Step by Step: How to Assign Unique Item Permissions in a Task List Using Custom Code

Written by Denis Stadler on . Posted in Custom Development

The business requirements are quite clear in this case:

  • There is a task list that should be used for work assignments management
  • Only the site administrators can modify the task list items
  • The person(s) in the Assigned To field must have the security rights to edit only that item

The solution: a custom event receiver that modifies the item permissions.

Let’s create a new Event Receiver SharePoint project in Visual Studio with the following coordinates: List Item Events as type, Tasks as event source and item added and updated as events to handle.
item-added-item-updated

The second step would be to create a method that sets the permissions as follows: if, for an item, there is at least a name in the Assigned To field, it will break the permissions inheritance chain and give that user contributor rights. Otherwise it will inherit the list permissions.

protected void UpdatePermissions(SPListItem itemCurrent, SPWeb webCurrent)
{
    string strAssignedTo = string.Empty;

    try
    {
	strAssignedTo = itemCurrent["AssignedTo"].ToString();
    }
    catch
    {
	if (itemCurrent.HasUniqueRoleAssignments)
	{
	    itemCurrent.ResetRoleInheritance();

	}

	return;
    }

    //get assigned to
    SPFieldLookupValueCollection colLookUp = new SPFieldLookupValueCollection(strAssignedTo);

    //break permissions and copy roles
    if (itemCurrent.HasUniqueRoleAssignments)
    {
	itemCurrent.ResetRoleInheritance();
    }

    itemCurrent.BreakRoleInheritance(true);

    //add assigned to to roles
    SPRoleDefinition roleDefinition = webCurrent.RoleDefinitions.GetByType(SPRoleType.Contributor);

    foreach (SPFieldLookupValue lv in colLookUp)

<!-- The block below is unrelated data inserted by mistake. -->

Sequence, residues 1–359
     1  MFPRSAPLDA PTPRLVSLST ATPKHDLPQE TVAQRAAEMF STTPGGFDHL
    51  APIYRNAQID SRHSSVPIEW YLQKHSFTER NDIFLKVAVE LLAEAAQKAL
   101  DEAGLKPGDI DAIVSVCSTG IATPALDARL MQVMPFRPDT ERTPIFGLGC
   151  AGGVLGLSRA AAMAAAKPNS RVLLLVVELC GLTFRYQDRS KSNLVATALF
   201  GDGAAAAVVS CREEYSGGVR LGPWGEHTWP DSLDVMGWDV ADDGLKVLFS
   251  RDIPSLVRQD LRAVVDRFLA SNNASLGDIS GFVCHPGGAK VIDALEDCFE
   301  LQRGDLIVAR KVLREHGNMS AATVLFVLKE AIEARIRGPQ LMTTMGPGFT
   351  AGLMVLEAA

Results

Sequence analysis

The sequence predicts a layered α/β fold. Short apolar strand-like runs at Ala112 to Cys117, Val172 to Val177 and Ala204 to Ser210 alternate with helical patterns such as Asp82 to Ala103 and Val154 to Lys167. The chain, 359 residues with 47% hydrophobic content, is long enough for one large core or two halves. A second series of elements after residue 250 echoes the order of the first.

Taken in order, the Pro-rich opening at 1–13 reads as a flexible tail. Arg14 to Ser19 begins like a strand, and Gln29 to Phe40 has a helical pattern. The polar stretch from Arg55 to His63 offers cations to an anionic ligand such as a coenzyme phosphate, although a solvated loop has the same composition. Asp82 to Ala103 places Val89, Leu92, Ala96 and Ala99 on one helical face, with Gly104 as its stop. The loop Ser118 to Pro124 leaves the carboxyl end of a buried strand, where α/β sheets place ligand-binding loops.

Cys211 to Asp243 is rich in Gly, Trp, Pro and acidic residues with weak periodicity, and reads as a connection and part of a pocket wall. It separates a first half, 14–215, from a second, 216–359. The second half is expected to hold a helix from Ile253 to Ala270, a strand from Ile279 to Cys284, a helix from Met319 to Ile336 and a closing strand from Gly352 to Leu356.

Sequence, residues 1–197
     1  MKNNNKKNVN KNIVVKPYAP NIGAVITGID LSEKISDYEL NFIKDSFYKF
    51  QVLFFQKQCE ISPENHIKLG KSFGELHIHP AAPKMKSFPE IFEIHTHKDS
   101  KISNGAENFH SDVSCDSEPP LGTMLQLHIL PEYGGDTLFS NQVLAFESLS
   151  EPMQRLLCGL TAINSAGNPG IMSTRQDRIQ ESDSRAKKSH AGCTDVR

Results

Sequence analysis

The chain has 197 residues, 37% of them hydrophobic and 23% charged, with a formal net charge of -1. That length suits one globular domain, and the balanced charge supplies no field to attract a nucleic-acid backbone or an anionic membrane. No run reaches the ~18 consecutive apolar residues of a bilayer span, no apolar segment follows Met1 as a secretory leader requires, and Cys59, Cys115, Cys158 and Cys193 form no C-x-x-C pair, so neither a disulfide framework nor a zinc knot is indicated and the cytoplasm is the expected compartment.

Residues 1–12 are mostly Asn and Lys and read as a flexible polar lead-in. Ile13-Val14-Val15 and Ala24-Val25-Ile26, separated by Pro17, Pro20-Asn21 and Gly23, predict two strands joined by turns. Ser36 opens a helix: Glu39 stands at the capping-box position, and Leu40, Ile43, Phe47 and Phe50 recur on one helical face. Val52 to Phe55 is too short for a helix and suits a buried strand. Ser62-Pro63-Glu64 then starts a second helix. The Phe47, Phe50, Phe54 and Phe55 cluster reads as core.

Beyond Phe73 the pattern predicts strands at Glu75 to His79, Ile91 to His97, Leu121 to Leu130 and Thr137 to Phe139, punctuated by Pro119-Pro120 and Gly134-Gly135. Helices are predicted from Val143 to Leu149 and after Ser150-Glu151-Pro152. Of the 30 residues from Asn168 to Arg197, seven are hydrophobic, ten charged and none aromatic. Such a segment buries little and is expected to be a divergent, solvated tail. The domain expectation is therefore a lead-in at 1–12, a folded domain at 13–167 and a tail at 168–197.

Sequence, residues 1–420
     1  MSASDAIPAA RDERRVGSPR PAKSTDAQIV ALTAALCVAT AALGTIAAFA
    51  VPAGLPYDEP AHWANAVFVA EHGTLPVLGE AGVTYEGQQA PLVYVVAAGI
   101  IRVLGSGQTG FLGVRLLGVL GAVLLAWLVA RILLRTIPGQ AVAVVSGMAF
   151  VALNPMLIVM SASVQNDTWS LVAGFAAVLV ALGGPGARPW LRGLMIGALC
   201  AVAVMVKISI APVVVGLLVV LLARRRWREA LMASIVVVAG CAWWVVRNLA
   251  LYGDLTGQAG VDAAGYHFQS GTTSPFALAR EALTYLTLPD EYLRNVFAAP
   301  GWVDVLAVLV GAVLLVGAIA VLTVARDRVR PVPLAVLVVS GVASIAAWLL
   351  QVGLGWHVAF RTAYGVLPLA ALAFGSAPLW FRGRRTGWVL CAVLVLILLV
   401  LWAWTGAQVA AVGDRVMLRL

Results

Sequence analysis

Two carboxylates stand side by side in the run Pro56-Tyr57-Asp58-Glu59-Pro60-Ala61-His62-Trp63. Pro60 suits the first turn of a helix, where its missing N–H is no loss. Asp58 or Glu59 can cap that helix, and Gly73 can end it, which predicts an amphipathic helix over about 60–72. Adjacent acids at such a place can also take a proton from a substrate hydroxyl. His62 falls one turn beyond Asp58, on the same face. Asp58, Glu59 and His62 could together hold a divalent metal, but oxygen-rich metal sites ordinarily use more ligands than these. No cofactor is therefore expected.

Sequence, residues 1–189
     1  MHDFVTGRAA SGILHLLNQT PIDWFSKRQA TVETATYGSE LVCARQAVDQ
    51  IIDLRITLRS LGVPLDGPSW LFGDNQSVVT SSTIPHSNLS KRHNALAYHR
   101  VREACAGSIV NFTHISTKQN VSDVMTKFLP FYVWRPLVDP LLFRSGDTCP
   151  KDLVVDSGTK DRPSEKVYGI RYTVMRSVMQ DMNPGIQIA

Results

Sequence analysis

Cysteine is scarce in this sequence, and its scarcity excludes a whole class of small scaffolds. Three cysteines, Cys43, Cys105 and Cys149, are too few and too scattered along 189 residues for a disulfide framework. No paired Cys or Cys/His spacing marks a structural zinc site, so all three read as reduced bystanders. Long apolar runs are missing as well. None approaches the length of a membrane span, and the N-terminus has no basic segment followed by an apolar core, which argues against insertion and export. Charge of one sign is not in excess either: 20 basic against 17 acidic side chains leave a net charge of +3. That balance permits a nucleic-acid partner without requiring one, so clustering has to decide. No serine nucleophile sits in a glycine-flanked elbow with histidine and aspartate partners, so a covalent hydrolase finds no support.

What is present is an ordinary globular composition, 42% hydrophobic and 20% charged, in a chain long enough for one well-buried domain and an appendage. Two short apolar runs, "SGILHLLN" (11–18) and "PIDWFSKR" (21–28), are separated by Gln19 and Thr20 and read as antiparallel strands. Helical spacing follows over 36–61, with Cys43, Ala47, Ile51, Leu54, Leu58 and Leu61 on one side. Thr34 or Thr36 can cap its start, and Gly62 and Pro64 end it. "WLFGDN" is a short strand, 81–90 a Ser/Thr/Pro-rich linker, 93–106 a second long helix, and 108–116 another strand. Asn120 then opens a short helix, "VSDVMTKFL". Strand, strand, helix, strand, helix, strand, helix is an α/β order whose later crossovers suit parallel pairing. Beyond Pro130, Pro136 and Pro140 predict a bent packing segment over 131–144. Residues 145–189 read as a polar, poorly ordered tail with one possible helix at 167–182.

{
	SPUser user = webCurrent.SiteUsers.GetByID(lv.LookupId);

	SPRoleAssignment roleAssigment = new SPRoleAssignment(user);
	roleAssigment.RoleDefinitionBindings.Add(roleDefinition);
	itemCurrent.RoleAssignments.Add(roleAssigment);
    }
}

As a last step, we need to call this procedure from our event class, inside the ItemAdded and ItemUpdated methods.

public override void ItemAdded(SPItemEventProperties properties)
{
	UpdatePermissions(properties.ListItem, properties.Web);
	base.ItemAdded(properties);
}

public override void ItemUpdated(SPItemEventProperties properties)
{
	UpdatePermissions(properties.ListItem, properties.Web);
	base.ItemUpdated(properties);
}

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Denis Stadler

I'm a technology enthusiast, with more than 10 years of experience in SharePoint and Dynamics CRM projects. To find more details about, please visit the about me page.

Comments (6)

  • Bjoern H Rapp

    |

    Hi

    Nice sample, but is the if (itemCurrent.HasUniqueRoleAssignments) block really necessary ?

    Reply

    • Denis Stadler

      |

      Just consider an update of the Assigned To field (both cases: changing the value or removing the value).

      Reply

  • Igor Feldman

    |

    Please change the print screen, the Event Receiver needs to be An item was added, not Item being added.

    Thanks :)

    Reply

    • Denis Stadler

      |

      Thanks a lot for the observation. The text of the article was pointing to the right event receiver type.

      Reply

  • Davy

    |

    Does this foreach to add the roles not require an itemCurrent.Update() at the end? Or am I missing something?

    Reply

    • Denis Stadler

      |

      The itemCurrent.Update() is not needed. Just test the code without it.

      Reply

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